Living a student life in Japan does not mean being confined in lecture halls and libraries all day long. Quite the opposite, college students here enjoy quite a bit of free time, as most Japanese universities are known for their less intensive study programs. Don’t get me wrong, this does not mean it’s too lax. Being a college student in Japan gives you opportunities to broaden your horizon in many ways, both inside and outside the classes. Here are a few things that you can do with the free time you have while you’re here in Japan as a college student.
School Club Activities
Life as a college student in Japan would not be complete without all the fun club activities. At the beginning of the academic year, members of student clubs and circles will be handing out flyers to recruit new members during the orientation week. Each school has different kinds of club activities to offer, with categories ranging from sports, arts, to some random get-togethers. Sports clubs can range from popular sports such as soccer, rugby, and baseball to more adventurous options such as sailing, racing, and hiking. Art clubs can consist of different kinds of dancing, fine arts, music, and magic shows. Available club activities differ in each university, so look for the department of student affairs and check out if there is any club that might be interesting!
If you can’t find any club activity that interests you, teaming up with your friends to form a new club is also a great idea. The rules regarding club formation can differ in each university, but you will probably need at least five members and get permission from school officials.
Want to learn what it’s like to work in Japan and get some extra cash? Getting a part-time job seems like a good idea. International students with “college student” visa are allowed to work for up to 28 hours per week, given that they have already been granted the “permission to engage in activity other than that permitted under the status of residence previously granted.” You can request for permission when you arrive in Japan, or apply directly at the immigration bureau.
Typical part-time jobs include working at restaurants, cafes, convenience stores, and hotels, teaching at language schools, conversation cafes, and tutoring at cram schools can also be a good option for those who want to make use of their language skills. To find part-time jobs in Japan, you can use popular services such as TownWork, Baitoru, or Mynavi Baito. Foreigner-friendly websites such as YOLO Japan is also a good option for beginners, although there might be fewer jobs to choose from. If you already have a place that you want to work in mind, you can also check out their websites or even ask directly if they’re recruiting!
Volunteering can be a great way to spend your free time in a meaningful way. There are various volunteering opportunities that you can find around Japan, ranging from suicide prevention, food support, to social innovation movement. You can also look for up-to-date volunteer opportunities via Facebook groups such as this one!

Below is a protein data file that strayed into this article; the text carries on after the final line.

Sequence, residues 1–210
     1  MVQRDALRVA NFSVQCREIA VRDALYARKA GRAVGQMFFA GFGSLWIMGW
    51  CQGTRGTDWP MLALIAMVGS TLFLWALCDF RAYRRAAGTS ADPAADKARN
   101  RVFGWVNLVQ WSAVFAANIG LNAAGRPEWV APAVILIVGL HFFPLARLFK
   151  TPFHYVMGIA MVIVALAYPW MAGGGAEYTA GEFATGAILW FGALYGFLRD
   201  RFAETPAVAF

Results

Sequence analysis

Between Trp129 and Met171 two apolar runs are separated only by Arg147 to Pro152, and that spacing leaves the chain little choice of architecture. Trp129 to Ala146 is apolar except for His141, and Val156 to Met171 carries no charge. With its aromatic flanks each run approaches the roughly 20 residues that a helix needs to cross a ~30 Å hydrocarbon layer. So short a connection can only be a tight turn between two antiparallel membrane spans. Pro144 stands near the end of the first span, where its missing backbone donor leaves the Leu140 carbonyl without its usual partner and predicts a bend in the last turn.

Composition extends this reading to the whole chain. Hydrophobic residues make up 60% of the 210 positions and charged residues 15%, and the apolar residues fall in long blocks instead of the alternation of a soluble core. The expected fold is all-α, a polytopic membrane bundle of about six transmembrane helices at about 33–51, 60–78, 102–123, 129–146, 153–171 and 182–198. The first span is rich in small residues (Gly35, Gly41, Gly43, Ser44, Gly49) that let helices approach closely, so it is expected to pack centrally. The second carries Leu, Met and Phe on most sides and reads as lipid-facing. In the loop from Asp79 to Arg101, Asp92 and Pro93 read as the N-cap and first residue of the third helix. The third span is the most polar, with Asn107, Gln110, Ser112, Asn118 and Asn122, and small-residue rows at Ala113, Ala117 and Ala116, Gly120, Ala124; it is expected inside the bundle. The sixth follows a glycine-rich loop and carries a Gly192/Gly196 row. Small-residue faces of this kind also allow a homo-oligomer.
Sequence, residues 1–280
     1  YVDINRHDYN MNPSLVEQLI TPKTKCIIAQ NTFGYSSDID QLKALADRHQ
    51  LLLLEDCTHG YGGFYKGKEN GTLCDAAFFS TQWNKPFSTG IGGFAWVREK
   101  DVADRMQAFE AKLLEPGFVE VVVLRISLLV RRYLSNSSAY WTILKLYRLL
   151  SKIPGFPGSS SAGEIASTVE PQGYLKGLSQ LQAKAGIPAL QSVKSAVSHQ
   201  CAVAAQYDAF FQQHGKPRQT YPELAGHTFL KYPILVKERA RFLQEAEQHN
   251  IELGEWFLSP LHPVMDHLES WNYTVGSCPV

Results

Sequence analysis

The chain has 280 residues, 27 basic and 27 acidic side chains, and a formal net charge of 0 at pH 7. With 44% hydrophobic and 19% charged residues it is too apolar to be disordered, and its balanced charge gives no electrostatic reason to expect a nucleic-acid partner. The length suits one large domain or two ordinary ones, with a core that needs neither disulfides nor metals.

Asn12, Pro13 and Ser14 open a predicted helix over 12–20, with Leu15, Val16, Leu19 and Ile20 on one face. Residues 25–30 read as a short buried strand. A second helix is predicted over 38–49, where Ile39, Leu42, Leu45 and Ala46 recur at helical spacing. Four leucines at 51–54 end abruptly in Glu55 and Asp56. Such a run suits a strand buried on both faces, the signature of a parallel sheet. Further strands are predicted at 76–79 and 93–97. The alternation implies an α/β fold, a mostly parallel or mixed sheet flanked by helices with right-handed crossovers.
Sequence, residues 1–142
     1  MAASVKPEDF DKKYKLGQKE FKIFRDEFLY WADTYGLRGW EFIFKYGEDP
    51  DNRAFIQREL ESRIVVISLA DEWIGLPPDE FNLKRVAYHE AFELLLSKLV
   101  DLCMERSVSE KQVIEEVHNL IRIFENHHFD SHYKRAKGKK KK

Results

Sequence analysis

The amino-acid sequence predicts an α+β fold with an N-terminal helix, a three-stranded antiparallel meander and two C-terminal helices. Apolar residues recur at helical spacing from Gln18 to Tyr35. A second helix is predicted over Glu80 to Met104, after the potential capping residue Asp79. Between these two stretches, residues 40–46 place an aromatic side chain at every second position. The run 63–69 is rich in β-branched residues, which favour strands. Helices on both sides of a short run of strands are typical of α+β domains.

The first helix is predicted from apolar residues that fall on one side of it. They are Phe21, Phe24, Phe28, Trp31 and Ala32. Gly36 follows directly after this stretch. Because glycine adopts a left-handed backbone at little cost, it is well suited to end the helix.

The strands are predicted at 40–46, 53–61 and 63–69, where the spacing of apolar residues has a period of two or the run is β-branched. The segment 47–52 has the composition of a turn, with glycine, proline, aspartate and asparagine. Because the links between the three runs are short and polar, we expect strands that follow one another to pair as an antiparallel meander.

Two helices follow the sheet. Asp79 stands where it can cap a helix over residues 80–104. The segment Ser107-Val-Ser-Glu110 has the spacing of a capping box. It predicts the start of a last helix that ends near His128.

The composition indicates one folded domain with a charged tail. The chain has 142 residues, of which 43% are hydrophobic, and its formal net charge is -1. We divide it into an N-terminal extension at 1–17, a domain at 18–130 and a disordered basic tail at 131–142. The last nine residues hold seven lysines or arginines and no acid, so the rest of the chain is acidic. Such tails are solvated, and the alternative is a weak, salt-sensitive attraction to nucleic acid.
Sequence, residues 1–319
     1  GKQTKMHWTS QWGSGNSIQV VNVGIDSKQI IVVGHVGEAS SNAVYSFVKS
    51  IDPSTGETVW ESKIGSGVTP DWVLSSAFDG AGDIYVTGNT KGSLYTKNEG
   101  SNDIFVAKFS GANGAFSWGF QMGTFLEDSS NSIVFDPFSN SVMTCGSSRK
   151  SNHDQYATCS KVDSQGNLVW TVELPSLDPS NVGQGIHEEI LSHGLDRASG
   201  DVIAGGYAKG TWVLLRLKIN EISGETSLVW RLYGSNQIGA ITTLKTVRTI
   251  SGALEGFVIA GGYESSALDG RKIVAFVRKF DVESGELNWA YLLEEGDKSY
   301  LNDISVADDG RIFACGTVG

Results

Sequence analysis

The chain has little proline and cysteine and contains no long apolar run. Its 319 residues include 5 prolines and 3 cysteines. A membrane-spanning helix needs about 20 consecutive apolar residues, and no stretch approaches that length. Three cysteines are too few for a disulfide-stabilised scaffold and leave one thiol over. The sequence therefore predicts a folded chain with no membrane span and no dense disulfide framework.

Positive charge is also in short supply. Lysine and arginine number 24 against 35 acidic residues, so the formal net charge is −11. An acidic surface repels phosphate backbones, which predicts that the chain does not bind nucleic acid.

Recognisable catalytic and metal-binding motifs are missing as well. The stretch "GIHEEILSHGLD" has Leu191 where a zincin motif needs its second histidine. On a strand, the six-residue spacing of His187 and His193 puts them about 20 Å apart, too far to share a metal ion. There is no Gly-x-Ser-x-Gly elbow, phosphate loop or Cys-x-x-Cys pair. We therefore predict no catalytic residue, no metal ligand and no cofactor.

Internships can help you develop your skills while also gaining experience in an actual working environment. There are both paid and unpaid internship opportunities in various industries that you can choose from. You can check out some interesting internship opportunities here on Doorkel!
Not only that internship experience can help you grow professionally, but it also looks great on your CV. University students generally start looking for long-term internships in their second or third year. Since there are plenty of paid internships to aim for, you can also replace regular part-time jobs with paid internships that will benefit your career in the long run. If you’re comfortable with your Japanese, check out Career Baito for more internship opportunities.
Apart from long-term internships, there are also some short-term internship programs that last only a few days. Most of the major companies usually offer this kind of internships in summer and winter for students who are interested. Although there isn’t much opportunity to do actual work, short-term internships can be a great way to learn more about the company and observe the working environment.
Exploring Events in the City
Many big cities in Japan, especially Tokyo, always have events going on. Going to events can bring you closer to the locals and help you immerse yourself in the culture. Local meetups can range from fun social gatherings and cultural exchange to serious seminars and programming workshops. Meetup is a great way to discover events that are happening around the city. Searching for events near you on Facebook or Google maps can be great options as well.
Being a student in Japan can be a really fun and rewarding experience. Don’t let your time in Japan slip away without enjoying what life has to offer! Have fun exploring and see you soon in the next article!